Monday, March 17, 2014

Tips for job interviews

I have completed my academic job interviews for this season. I am cautiously optimistic. In the meantime, while it is fresh in my mind, I'd like to write out some of my suggestions. For a more light-hearted and graphical overview of the interview process, check out Hope Jahren's, "How to get a faculty job" comic **(see my addendum below). Also, see this list from Matt Might that focuses on the whole academic application process.

Before the interview
  • Prepare presentations. You will need to prepare at least one presentation that features your past and current research. You may also need to prepare a chalk talk, or a teaching talk. 
  • Practice. Practice your research presentation, and your chalk talk and/or teaching talk, to several different audiences if you can. Practicing saying things out loud is useful, even if it is just to an empty room. 
  • Prepare questions. The campus interview is a two-way street, for the department to get to know you, and for you to get to know the department. Think about what is important for you to know before going somewhere (e.g., research facilities, teaching responsibilities, support for students, tenure expectations, etc. For more ideas see this list from Dartmouth.). 
  • Look up scientific backgrounds of each of the people you will be meeting with. Save either as an electronic document or print out for reading on the plane. I've heard some people suggest reading a paper from each person you are going to meet with, but I think this is not reasonable. Some departments are vast, and you will not have the scientific expertise to internalize 16 new disciplines. That said, you should have a general sense of what each person does, how you might potentially collaborate, and prepare one or two notes or questions about their research, to facilitate conversation. 
  • Consider questions they might ask you, especially the ones they aren't supposed to ask, but might anyway: see here for questions you should never be asked on a job interview.
Traveling - Before
  • Pack light, so you don't need to check luggage, and risk having your bag not arrive when you do. Make sure you still have professional clothes and layers. Layers are important.
  • Keep all important items in your carryon (especially **laptop, backup presentation, adaptors, and power chargers**).
  • Pack two snacks. Likely your flights will be delayed or the layover too short, and it will be nice to feel like you don't really need to pay $7 for that bag of almond M&Ms.
  • Bring headphones and non-electronic reading material. The flights can get long.
Daytime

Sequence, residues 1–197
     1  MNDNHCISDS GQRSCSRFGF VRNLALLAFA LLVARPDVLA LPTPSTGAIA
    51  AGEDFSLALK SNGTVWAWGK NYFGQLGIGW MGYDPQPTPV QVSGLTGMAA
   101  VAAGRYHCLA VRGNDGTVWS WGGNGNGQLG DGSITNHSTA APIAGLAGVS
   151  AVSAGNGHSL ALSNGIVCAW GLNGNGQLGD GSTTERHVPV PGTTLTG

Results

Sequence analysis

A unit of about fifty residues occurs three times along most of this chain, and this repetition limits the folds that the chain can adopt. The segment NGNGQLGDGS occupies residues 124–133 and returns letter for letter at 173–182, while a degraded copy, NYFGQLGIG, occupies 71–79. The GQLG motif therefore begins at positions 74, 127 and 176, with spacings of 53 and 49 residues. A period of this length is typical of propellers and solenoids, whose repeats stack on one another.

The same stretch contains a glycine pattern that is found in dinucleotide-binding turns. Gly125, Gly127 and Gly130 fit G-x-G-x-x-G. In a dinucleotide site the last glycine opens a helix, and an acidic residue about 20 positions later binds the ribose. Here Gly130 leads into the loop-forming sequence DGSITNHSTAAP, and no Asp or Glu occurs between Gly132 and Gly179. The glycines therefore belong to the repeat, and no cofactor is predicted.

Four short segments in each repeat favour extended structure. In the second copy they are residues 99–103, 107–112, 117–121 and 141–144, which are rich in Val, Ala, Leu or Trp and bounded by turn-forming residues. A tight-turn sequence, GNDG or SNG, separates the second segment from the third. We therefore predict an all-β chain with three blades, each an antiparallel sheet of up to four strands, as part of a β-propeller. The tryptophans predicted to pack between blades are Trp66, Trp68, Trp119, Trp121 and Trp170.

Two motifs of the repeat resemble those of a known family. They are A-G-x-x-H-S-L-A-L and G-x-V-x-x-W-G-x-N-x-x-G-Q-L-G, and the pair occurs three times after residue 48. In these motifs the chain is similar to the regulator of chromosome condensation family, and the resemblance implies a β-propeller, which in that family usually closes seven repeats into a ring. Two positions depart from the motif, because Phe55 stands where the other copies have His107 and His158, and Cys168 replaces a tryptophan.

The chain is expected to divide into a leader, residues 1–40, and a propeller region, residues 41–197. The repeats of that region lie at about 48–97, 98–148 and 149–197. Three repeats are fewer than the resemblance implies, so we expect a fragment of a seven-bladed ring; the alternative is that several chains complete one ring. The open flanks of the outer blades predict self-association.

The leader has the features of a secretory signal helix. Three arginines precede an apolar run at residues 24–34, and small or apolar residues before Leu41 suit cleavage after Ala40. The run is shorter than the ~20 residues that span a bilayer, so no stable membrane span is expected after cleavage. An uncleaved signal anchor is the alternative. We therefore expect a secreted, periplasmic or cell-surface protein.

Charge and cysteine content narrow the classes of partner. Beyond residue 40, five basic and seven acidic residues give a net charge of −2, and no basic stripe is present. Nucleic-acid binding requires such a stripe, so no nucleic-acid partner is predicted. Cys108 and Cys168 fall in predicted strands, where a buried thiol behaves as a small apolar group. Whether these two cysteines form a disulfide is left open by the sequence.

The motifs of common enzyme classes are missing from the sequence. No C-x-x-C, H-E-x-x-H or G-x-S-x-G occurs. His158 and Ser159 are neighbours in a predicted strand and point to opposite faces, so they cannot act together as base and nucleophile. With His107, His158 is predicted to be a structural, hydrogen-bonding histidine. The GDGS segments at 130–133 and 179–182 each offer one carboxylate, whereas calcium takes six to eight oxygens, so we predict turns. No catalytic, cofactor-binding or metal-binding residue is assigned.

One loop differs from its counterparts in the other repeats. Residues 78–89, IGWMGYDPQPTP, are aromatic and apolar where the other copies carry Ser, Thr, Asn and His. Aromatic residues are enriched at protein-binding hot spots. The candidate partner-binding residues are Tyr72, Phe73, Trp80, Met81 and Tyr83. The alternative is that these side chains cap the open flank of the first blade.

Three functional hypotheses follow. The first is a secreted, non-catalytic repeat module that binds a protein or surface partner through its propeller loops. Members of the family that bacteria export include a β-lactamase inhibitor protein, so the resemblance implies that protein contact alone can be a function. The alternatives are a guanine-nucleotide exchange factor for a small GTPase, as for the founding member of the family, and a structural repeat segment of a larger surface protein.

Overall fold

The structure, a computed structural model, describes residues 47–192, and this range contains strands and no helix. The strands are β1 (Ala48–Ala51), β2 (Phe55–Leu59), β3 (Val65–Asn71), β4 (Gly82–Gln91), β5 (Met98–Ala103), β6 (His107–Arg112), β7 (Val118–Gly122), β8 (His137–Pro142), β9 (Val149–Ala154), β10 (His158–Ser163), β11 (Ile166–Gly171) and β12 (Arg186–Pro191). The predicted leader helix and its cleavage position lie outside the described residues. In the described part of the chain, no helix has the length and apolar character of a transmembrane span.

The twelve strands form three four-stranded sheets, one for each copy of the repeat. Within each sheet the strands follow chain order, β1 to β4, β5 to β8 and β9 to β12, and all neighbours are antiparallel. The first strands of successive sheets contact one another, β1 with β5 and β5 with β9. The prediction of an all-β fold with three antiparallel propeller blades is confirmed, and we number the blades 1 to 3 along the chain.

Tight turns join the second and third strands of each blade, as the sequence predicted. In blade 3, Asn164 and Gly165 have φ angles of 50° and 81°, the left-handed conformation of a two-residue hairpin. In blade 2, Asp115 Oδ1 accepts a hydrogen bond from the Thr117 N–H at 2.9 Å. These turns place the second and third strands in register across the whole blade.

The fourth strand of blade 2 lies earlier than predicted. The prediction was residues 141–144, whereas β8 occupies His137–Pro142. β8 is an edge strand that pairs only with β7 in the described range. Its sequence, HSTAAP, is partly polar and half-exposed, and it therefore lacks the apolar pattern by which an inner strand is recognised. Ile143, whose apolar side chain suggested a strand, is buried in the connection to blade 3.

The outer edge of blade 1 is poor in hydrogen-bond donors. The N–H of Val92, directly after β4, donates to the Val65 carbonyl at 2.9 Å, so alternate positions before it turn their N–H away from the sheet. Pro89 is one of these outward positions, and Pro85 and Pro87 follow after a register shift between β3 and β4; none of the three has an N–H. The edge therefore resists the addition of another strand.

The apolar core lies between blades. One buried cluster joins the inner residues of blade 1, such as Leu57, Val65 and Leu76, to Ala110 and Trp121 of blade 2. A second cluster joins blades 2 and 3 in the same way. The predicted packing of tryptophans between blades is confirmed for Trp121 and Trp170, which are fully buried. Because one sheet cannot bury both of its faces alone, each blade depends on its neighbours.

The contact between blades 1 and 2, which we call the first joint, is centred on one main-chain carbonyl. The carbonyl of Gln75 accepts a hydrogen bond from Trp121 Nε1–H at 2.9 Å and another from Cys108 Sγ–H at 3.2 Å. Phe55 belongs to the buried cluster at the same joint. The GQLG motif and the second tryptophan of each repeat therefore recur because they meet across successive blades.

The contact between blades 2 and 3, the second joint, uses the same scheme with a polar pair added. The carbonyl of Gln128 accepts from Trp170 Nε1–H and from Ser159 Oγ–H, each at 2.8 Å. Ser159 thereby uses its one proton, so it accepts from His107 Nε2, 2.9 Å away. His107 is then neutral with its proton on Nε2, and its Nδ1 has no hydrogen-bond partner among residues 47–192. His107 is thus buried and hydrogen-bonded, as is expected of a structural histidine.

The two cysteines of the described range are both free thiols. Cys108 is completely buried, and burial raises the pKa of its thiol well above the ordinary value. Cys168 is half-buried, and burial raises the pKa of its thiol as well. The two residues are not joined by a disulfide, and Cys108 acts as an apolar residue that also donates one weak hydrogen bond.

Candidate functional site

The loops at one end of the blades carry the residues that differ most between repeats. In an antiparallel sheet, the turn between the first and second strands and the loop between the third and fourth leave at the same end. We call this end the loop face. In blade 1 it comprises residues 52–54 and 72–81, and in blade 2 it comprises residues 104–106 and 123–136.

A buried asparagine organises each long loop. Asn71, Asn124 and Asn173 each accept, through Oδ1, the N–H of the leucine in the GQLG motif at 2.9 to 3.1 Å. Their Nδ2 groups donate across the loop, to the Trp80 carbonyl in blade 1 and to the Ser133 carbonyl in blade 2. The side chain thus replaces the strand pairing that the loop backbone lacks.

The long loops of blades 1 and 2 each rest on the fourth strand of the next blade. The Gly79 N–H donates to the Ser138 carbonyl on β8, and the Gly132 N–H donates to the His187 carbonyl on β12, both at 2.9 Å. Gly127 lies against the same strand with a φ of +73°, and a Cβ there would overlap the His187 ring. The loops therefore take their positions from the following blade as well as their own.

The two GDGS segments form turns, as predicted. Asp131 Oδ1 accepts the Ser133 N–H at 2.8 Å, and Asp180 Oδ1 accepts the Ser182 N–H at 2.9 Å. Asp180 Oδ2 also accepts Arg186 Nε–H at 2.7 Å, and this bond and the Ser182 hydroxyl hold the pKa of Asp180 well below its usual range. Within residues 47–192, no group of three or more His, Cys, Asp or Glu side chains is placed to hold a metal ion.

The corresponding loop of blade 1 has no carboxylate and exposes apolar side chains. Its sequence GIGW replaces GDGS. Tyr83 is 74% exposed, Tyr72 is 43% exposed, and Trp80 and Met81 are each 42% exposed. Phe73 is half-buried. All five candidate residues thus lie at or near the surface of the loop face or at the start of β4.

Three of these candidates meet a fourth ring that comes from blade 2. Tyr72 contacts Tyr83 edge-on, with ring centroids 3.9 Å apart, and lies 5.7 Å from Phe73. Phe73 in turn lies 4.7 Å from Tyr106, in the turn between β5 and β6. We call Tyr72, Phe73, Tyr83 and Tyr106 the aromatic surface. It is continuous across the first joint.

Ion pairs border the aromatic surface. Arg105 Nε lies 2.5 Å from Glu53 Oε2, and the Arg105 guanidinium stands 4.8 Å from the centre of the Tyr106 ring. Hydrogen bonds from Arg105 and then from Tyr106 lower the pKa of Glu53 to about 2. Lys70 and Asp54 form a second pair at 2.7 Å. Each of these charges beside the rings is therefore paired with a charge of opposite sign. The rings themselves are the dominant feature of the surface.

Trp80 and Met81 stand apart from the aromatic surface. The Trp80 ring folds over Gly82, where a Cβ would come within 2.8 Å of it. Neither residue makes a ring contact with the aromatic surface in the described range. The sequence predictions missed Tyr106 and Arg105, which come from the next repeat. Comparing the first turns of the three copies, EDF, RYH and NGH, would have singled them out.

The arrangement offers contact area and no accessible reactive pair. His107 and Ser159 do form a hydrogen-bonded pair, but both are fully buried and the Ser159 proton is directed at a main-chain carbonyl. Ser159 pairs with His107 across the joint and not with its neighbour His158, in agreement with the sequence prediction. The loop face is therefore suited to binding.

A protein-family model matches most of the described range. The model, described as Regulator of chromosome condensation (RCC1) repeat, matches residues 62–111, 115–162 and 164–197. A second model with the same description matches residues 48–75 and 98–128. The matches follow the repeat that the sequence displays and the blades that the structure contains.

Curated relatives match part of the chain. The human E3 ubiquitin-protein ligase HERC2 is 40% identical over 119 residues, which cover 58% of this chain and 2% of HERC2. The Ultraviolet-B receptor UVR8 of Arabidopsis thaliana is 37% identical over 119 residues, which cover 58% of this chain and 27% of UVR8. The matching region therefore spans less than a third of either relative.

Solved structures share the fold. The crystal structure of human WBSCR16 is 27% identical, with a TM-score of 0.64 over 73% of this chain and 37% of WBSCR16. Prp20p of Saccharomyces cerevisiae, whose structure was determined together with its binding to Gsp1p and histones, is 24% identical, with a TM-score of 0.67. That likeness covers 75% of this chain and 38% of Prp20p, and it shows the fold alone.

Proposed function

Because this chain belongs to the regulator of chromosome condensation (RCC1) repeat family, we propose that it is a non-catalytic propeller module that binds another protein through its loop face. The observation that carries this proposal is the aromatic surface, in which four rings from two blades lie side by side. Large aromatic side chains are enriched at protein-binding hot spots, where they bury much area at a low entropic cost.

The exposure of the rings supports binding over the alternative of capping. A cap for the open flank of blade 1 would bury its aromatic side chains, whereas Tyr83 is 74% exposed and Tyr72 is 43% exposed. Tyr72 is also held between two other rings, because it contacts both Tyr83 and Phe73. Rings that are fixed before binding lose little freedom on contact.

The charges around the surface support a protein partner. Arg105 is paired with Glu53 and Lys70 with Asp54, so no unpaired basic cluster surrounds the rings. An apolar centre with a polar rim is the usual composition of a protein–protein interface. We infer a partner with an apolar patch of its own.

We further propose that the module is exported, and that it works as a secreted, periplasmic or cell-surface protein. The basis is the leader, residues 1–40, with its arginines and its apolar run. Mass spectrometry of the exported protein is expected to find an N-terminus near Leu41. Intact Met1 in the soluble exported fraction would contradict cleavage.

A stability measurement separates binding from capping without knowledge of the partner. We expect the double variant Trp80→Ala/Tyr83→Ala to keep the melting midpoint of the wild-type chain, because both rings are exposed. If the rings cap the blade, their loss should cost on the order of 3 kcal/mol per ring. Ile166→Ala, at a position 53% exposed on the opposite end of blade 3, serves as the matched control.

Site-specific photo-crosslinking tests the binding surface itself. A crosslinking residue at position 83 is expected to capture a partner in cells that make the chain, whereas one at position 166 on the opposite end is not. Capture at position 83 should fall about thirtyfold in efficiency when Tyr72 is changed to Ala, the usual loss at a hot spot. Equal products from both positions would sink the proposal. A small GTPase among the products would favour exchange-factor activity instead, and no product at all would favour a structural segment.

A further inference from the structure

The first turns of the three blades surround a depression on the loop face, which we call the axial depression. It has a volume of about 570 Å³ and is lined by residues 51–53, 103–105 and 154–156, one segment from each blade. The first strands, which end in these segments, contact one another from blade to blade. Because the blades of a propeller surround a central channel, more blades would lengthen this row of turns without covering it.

• Keep dental floss in your bag, and make a bathroom check after lunch, for your peace of mind.
  • Bring a water bottle or a reusable coffee mug (works for hot or cold) to stay hydrated.
  • Choose mints over gum. Less distracting. Cough drops are also nice to have, just in case.
  • Bring pens and paper so you can take any important notes for following up.
  • Don't over-caffinate. Be careful not to drink too much coffee/tea, it seems to flow non-stop.
Nighttime
  • Decompress for 30 minutes (use the gym, take a bath, listen to music, watch youTube).
  • Don't obsess. If you have a second talk (chalk talk or teaching presentation), go over it one more time, update with potential collaborations after what you've learned on your first day, but then let it go.
  • Get some rest. The first day is so exciting with all the new people and places. You need to be just as enthusiastic the second day.
Traveling - After
  • Thank you notes can be started on the plane ride home, when the visit is fresh in your mind. Just save in a text file and then you can proof and send them out when you return.
  • Stretch. The combo of nerves during the interview and the not-so-comfy airline seats can hurt your neck/back, so take care of yourself.
After the Interview
  • Enjoy your time at home!
  • Catch up on emails, lab work, writing, family and friends.
  • Do not obsess. You've done all you can do. Now, patience, and distraction, are your friends.
  • Good luck!

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**My addendum to Hope's comic:

#5: Just ask for a bathroom break when you need it.
#15: I found that ordering an alcoholic drink was an easy way to avoid the "might she be pregnant?" unasked, but burning, question.  
#18: Even if you feel sure that you're a great fit, you still might not get the job. And that really stinks.

5 comments:

EllenQ said...

Ha! I also had a drink at dinner to allay pregnancy concerns. The other unasked question I tended to volunteer was that I have a trailing partner, but one with an easy to find job. It isn't fair, but that stuff does enter people's minds - especially with female academics.

Brendon Wayne said...

We also should take notes of the questions being asked. We should judge the employer with their questions the same way they judge the applicants with their answers. If they start asking inappropriate things, don't continue.
http://www.21stcenturynews.com.au/10-questions-asked-job-interview/

mathbionerd said...

Ellen, it is the game we play.

Brandon, thank you for sharing. I'll add that link to the post.

Mark P said...

Nice!

Coming from the "other side", our Department had three tenure track searches this semester and thus has been in continuous recruitment mode since December. If I was creative I'd write a "How to be on a Search Committee" comic book, but.......

mathbionerd said...

Mark, if you do, let me know. I'd be happy to give some suggestions, from a candidates perspective. What some departments did that was really great, and how some kind of dropped the ball.